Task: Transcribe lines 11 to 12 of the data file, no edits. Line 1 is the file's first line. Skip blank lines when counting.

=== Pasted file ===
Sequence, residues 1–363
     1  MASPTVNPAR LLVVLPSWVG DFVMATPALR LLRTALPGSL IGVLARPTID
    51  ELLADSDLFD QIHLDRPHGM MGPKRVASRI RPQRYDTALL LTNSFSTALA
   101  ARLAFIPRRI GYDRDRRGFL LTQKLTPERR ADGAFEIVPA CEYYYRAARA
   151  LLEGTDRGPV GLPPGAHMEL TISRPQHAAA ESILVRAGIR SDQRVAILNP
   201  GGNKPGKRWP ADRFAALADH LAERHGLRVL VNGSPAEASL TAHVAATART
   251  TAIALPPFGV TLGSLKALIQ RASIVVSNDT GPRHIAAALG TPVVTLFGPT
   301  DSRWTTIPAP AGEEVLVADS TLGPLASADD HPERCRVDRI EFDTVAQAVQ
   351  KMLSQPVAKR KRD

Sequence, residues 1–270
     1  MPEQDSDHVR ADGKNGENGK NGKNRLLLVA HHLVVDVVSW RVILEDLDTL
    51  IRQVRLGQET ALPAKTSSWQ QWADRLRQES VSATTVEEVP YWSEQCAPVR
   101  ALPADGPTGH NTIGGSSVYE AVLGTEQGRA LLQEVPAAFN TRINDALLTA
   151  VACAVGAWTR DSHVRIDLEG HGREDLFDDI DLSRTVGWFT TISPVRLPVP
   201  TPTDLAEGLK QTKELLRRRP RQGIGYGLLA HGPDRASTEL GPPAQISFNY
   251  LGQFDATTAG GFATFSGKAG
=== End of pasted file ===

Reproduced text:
     1  MPEQDSDHVR ADGKNGENGK NGKNRLLLVA HHLVVDVVSW RVILEDLDTL
    51  IRQVRLGQET ALPAKTSSWQ QWADRLRQES VSATTVEEVP YWSEQCAPVR